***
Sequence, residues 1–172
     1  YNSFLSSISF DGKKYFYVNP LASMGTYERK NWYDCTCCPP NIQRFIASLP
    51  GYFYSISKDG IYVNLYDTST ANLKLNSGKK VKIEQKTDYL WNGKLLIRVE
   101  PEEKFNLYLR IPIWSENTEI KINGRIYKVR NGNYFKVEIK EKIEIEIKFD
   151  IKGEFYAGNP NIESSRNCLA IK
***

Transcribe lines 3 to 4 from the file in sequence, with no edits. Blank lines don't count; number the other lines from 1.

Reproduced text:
    51  GYFYSISKDG IYVNLYDTST ANLKLNSGKK VKIEQKTDYL WNGKLLIRVE
   101  PEEKFNLYLR IPIWSENTEI KINGRIYKVR NGNYFKVEIK EKIEIEIKFD